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Drinking and Writing

In a column two weeks ago titled “Dispatches From the Great Vodka War,” veteran New York Times journalist Serge Schmemann, a fancier of the drink, had a paragraph discussing some words for it. “Vodka,” he wrote there, “is a Russian word, a diminutive of ‘water’… The Poles may put ‘vodka’ on their bottles, but among themselves they call it ‘gorzalka’ (it’s ‘horilka’ in Ukrainian), from the root ‘to burn,’ which tells you something about their stuff.”

Schmemann may be a maven in vodka (although not if you ask an insulted Polish-born friend of mine), but he isn’t much of one in Polish. In the first place, the Poles regularly call vodka wódka, as do the Russians. And secondly, while deriving from the verb gorzeł, to burn, gorzałka, which can refer to any hard liquor or brandy and not just to vodka, is called that not because it burns but because it is “burned.” (Ditto horilka.) It is the Polish equivalent of — and, in all likelihood, originated in — German Branntwein, “burned wine” or brandy, which in turn comes from Dutch brandewijn. From the latter also descends English “brandy,” which was shortened from “brandywine” in the 17th century.

Brandy is “burned wine,” because it is distilled from wine that is heated in a still or pot — once upon a time, this was done over an open fire — until some of its liquid, including all its alcohol (whose boiling point is lower than water’s), evaporates. The vapors then pass through a tube into a second, cooler pot in which they condense, their alcohol content now much higher than the original wine’s, and the distillation is generally repeated a second time. The same process, brought to bear on fermented fruit juice, or fermented grain or potato mash, yields other such spirits as applejack, kirschwasser, vodka, scotch, rye, bourbon, aquavit, gin and so on.

It’s from German Branntwein that we get our Yiddish bronfn — which, like Polish gorzałka and German “schnapps,” does not necessarily mean brandy (a word referring specifically to distilled wine) and can denote any hard liquor. Indeed, among Yiddish speakers in such countries as Russia and Poland, where this sort of liquor was almost always vodka, bronfn almost always meant vodka. (Schmemann’s incorrect remark about Polish could actually apply to Yiddish, whose speakers rarely used the Polish and Russian words wódka or vodka.) It makes me smile when, reading in English translation some Yiddish story or novel set in an Eastern European shtetl, I come across a sentence such as “Lomir trinken a bisl bronfn,” rendered as “Let’s have a bit of brandy.” As if the average Jew in such places had ever seen a bottle of brandy — a very expensive drink — in his life!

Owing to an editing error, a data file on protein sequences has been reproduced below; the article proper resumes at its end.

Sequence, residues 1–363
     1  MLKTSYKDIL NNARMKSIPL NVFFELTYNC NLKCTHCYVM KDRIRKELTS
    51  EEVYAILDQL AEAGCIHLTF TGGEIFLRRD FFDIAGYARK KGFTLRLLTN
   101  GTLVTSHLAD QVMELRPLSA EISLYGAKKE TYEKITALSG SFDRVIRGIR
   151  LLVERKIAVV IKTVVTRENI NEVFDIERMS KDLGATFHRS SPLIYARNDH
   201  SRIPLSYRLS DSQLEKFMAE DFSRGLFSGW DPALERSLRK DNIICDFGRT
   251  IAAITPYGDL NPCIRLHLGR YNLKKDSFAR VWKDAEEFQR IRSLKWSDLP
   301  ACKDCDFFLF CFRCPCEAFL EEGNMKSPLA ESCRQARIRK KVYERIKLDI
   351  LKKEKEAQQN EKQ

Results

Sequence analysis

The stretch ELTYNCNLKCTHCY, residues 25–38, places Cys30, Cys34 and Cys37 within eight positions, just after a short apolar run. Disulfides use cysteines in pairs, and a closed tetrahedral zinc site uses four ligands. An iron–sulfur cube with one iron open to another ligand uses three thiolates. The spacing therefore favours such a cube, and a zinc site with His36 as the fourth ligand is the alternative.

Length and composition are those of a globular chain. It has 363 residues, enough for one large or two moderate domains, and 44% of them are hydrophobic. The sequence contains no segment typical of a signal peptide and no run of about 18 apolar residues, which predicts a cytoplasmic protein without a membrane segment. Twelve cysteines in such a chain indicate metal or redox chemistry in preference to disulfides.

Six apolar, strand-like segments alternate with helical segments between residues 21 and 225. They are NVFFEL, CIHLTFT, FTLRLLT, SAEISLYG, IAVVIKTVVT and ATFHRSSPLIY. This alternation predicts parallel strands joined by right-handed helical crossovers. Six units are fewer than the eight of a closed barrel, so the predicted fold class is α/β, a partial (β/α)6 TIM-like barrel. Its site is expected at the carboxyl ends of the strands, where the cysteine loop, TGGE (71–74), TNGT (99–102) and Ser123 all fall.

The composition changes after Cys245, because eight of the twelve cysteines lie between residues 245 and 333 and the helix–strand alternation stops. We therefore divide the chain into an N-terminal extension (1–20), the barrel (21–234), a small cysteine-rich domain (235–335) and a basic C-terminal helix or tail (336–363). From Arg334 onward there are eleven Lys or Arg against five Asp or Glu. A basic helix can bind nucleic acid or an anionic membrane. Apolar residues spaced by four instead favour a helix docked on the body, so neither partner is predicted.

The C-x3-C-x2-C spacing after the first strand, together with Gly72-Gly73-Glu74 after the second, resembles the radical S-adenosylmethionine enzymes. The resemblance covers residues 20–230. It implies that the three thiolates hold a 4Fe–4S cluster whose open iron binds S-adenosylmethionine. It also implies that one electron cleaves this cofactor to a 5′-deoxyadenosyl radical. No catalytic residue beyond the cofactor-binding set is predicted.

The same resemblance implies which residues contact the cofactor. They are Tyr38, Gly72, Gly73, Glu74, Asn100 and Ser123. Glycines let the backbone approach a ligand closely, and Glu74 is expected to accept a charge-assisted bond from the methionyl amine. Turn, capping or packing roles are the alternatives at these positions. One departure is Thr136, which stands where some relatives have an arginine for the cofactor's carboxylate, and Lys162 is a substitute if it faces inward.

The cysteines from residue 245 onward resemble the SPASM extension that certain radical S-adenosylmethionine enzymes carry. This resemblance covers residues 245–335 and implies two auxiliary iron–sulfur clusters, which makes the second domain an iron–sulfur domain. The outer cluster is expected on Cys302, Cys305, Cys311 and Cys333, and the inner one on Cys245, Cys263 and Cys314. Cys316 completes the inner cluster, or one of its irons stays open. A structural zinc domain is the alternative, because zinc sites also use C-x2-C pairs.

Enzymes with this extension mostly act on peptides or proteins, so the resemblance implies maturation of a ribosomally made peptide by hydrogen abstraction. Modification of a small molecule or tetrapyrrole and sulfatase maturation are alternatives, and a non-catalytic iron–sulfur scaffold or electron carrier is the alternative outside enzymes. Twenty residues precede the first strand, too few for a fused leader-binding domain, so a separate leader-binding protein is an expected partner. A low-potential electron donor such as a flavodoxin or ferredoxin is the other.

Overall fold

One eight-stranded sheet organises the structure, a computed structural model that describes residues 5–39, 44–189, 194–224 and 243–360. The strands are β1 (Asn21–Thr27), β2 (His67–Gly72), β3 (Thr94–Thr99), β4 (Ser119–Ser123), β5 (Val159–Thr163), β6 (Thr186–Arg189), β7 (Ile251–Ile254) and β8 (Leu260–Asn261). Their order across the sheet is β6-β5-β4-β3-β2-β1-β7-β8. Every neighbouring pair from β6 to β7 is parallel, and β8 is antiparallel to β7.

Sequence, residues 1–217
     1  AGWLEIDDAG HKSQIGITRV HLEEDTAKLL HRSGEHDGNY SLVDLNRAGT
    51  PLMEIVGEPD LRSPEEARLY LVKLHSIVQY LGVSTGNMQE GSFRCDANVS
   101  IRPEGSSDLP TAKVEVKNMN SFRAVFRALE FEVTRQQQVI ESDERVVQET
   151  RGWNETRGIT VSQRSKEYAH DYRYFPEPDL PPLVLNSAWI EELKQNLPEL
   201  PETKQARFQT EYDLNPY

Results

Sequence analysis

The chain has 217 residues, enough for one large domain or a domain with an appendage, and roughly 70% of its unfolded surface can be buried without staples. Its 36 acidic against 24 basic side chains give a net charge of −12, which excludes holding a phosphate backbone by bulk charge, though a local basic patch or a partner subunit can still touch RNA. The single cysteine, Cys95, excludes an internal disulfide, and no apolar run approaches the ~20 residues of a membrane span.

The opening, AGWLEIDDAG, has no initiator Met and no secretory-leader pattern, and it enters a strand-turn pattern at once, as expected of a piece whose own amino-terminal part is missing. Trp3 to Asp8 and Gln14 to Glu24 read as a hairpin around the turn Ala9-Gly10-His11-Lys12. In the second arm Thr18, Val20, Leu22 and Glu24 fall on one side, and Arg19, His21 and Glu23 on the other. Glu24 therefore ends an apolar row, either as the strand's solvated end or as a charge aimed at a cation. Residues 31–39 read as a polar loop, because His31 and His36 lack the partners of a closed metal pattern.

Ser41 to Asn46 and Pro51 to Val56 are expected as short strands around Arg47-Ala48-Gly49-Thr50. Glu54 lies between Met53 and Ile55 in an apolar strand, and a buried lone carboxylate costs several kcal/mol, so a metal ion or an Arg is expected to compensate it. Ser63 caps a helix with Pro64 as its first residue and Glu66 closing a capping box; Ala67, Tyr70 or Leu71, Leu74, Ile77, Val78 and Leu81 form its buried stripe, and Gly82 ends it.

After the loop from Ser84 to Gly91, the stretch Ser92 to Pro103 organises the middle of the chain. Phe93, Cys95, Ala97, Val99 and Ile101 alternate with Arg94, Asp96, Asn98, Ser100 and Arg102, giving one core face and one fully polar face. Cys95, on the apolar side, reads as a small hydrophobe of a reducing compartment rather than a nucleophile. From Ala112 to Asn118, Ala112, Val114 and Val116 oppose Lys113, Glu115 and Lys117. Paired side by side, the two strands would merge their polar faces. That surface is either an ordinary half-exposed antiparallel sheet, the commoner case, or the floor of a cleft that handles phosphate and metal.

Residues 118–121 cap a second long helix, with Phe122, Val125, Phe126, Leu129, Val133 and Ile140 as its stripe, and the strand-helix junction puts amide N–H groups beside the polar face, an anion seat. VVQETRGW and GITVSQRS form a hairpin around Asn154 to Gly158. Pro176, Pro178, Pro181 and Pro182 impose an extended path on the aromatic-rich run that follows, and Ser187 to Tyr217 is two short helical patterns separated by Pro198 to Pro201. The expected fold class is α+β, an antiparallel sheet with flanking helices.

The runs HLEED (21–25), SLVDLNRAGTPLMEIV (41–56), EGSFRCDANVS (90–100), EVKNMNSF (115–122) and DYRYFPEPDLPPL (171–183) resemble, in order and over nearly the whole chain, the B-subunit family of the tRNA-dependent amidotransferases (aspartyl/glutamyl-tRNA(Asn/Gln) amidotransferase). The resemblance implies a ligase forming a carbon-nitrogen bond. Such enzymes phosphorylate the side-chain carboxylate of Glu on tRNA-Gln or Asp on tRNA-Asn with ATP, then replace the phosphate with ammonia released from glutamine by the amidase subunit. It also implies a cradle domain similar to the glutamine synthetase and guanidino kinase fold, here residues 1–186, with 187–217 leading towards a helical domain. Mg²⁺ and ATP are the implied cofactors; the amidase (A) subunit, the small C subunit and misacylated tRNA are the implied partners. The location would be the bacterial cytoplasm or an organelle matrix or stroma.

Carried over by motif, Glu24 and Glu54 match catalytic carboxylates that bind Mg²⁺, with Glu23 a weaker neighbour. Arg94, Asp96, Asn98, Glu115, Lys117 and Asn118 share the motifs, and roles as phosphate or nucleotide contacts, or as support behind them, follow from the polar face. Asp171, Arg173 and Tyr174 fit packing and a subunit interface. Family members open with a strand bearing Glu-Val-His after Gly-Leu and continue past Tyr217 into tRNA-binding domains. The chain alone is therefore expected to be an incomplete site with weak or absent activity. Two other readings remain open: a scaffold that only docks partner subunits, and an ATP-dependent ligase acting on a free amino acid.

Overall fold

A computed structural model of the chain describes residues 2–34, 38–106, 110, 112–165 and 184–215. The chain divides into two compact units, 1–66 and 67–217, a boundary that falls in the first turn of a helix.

Yiddish has two other words for distilled spirits besides bronfn. The more common of the two is mashke, from Hebrew mashkeh, which in Hebrew simply means “beverage” and has to be qualified by the adjective h.arif, “strong,” to become liquor. The other word is yash, an acronym of Hebrew yeyn saraf or yayin saruf — that is, “burned wine.” Like bronfn and mashke, yash can refer to any hard liquor: vodka in Russia, it could mean grappa in Italy, slivovitz in Yugoslavia and calvados in Normandy. The closest English equivalent to all three might perhaps be “booze,” which has, however, a somewhat pejorative connotation that the Yiddish words do not.

Yash goes back to the rabbinic literature of the Middle Ages and is one of those lovely old Hebrew words that have vanished from modern Israeli Hebrew, in which liquor in general, as I have said, is mashkeh h.arif, and brandy is konyak. This has not yet, to the best of my knowledge, caused a suit to be filed by the cognac makers of France, who several years ago took successful legal action to have “cognac” removed from the label of any brandy not produced from white wine made out of grapes grown in the vicinity of Cognac, a city in southwest France. Israelis are not easily intimidated — and besides, while there may be class actions in which 5 million people sue a city, how can a city sue 5 million people?

A number of you, including Vincent Daly, David Levine, Stephen Menn and Sheldon Stolowich, have written to point out that I incorrectly stated in my column of April 6 that William Liebknecht, editor of the German socialist newspaper Vorwärts, was executed, along with Rosa Luxemburg, for playing a part in the 1919 Spartacus uprising in Germany. It was in fact Liebknecht’s son, Karl Liebknecht, who was the Spartacist. William, who was born in 1826, died in 1900, and would in any case have been a bit too old in 1919 to have been manning the barricades with Luxemburg.

Also, from Arieh Lebowitz comes the information that in 1896, a year before the Yiddish Forward’s founding, a Greek socialist-anarchist newspaper named Epi ta Proso, meaning “Forward,” began to appear in the Greek city of Patras in the Peloponnese. Since the editors of Epi ta Proso were soon after arrested by the Greek authorities for their alleged involvement in the headline-making anarchist assassination of a wealthy Patras banker, it’s not impossible that Abraham Cahan and the founders of the Forward had heard of the publication.

Questions for Philologos can be sent to [email protected].


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